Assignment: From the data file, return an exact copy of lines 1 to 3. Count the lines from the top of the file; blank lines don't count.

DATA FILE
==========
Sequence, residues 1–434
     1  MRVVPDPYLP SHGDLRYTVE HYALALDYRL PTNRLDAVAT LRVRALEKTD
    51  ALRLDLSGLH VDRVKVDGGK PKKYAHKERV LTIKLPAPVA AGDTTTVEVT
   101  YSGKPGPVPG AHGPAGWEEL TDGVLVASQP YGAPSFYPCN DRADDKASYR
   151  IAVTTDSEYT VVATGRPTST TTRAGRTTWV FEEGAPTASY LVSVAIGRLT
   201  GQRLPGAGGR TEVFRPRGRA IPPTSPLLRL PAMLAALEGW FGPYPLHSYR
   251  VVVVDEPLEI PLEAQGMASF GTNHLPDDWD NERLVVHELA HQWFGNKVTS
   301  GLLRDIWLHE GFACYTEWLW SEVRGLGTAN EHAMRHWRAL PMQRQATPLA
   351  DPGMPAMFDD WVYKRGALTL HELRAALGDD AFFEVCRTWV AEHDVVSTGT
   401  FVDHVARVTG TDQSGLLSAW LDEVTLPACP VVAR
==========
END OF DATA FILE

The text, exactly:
Sequence, residues 1–434
     1  MRVVPDPYLP SHGDLRYTVE HYALALDYRL PTNRLDAVAT LRVRALEKTD
    51  ALRLDLSGLH VDRVKVDGGK PKKYAHKERV LTIKLPAPVA AGDTTTVEVT